Quake Survivors Search Rubble for Loved Ones

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PADANG, Indonesia -- Nearly 90,000 homes were destroyed or severely damaged in last week's earthquakes in Indonesia. Entire villages were wiped out by landslides.

With thousands homeless and needing food, Operation Blessing rushed to the scene to help the survivors -- many of them are still hoping to find their missing loved ones.

Yuhelmi believes her 13-year-old daughter is still buried under the rubble of her school.

Days after a powerful earthquake shook this place, Yuhelmi and her relatives are hoping against all hope that rescue teams will find Yosa.

"My heafrt is so broken. She's my only daughter from all of my children," Yuhelmi said.

"My feeling is almost undescribable. Or maybe, like these rubbles in front of me, is what my heart is like now. I will stay here, I won't go home until my daughter is found," she said.

Yuhelmi is not alone. Across this area, families are still searching for loved ones amidst the death and destruction.

More than one thousand people have died but thousands more are thought to be missing after a massive 7.6 magnitude quake struck the Indonesian island of Sumatra, a week ago Wednesday.

This is what remains of a three-star hotel in Padang. The hotel was full of guests attending several different seminars the day the quake struck.

Septinang was one of lucky ones to make it out.

"Because we never expected that a disaster would happen, now I am grieving over the loss of my friends," Septinang said. "I am so sad. I felt the bonding already happened among all of us. On the second day of the seminar, the atmosphere was full of happiness. We felt the closeness," he said.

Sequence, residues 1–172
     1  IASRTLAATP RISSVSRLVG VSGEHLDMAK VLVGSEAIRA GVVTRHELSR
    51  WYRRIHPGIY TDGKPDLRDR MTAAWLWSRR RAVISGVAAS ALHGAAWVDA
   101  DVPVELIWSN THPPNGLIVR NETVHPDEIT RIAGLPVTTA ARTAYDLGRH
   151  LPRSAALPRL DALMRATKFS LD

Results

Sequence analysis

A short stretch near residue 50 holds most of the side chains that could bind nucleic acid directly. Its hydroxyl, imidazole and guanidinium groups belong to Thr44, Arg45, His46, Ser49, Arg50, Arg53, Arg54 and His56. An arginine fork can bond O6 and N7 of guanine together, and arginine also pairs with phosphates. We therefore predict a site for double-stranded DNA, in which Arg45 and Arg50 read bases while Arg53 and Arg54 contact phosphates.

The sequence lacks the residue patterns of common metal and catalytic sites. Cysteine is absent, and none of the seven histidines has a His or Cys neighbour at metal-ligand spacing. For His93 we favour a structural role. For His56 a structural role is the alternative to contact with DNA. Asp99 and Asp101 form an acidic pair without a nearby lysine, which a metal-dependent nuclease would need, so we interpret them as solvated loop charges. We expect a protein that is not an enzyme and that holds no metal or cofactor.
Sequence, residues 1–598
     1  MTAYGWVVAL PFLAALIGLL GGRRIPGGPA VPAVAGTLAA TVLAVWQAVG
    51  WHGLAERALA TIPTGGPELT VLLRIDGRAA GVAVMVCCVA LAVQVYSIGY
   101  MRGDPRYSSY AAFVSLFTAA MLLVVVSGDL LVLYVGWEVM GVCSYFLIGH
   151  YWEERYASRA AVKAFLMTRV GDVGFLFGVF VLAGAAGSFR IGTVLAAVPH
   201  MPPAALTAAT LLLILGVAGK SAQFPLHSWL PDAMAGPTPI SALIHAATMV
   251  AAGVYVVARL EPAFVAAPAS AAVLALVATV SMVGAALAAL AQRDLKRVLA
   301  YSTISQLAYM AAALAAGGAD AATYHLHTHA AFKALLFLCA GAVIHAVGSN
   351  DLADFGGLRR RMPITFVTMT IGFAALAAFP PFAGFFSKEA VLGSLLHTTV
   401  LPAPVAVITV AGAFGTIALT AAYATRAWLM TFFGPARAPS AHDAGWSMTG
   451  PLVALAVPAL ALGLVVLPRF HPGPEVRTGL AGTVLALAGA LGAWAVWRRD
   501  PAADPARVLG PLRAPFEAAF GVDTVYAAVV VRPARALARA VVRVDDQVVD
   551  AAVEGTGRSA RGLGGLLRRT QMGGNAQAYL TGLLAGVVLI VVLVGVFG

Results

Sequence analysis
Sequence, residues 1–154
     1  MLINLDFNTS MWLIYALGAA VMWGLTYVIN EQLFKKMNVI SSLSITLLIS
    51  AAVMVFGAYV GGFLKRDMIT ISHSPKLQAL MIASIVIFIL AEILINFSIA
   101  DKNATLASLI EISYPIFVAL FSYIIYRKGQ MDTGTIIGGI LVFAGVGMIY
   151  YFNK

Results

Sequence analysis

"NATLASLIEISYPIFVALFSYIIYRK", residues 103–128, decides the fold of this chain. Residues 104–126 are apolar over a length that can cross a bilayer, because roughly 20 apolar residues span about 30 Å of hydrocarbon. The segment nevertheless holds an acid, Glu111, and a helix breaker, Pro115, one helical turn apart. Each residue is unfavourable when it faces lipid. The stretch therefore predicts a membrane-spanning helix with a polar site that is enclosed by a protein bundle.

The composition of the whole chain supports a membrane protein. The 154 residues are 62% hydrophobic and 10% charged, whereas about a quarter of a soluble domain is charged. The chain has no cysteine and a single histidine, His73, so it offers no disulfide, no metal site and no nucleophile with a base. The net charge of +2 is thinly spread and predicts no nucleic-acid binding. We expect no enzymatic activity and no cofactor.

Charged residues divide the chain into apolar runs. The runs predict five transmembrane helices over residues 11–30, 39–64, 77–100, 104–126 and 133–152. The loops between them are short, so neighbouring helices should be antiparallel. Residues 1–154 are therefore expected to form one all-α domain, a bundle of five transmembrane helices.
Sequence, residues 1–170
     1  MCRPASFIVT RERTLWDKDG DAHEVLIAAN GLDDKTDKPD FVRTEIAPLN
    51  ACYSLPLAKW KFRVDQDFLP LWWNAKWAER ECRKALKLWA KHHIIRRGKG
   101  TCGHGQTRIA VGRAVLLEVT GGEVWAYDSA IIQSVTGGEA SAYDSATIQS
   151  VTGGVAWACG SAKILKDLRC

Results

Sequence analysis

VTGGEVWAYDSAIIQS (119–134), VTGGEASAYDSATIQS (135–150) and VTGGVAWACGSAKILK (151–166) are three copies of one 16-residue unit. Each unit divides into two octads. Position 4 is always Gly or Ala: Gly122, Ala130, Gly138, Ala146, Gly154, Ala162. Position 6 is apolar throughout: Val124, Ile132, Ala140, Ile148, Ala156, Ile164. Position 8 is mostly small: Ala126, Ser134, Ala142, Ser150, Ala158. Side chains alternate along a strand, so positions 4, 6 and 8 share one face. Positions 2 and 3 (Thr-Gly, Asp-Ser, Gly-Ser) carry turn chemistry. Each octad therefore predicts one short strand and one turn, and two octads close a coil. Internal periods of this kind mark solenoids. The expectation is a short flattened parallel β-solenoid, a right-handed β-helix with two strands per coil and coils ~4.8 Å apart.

The city of Padang is slowly coming back to life. But the situation is more dire in many of the remote villages.

The epicenter of this devastating quake lies 60 kilometers north of Padang, in Pariaman, a district where hundreds of villages lie in ruins. Even now, five days after the quake, search and rescue workers continue to find bodies. Landslides have cut off roads, buried homes, and hundreds of families now, live or sleep outdoors, with no place to go.

And it is here that Operation Blessing has come. Thousands of food packages, to help families make it to the next week are pouring in, as well as blankets, tents, and emergency medical treatment.

Labai Siri, an Islamic teacher, lost six members of his family. Three of them had been found. He took us to a small mosque where their lifeless bodies were waiting for proper burial.

Because he no longer has many relatives who are able to take care of him, Operation Blessing gave him medical treatment, and provided him with food and shelter.

The survivors of the quake try to leave the trauma behind and move on with their lives. Operation Blessing is here to help make that just a little bit easier.

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CBN News
Mark McClendon

Mark McClendon

The 700 Club

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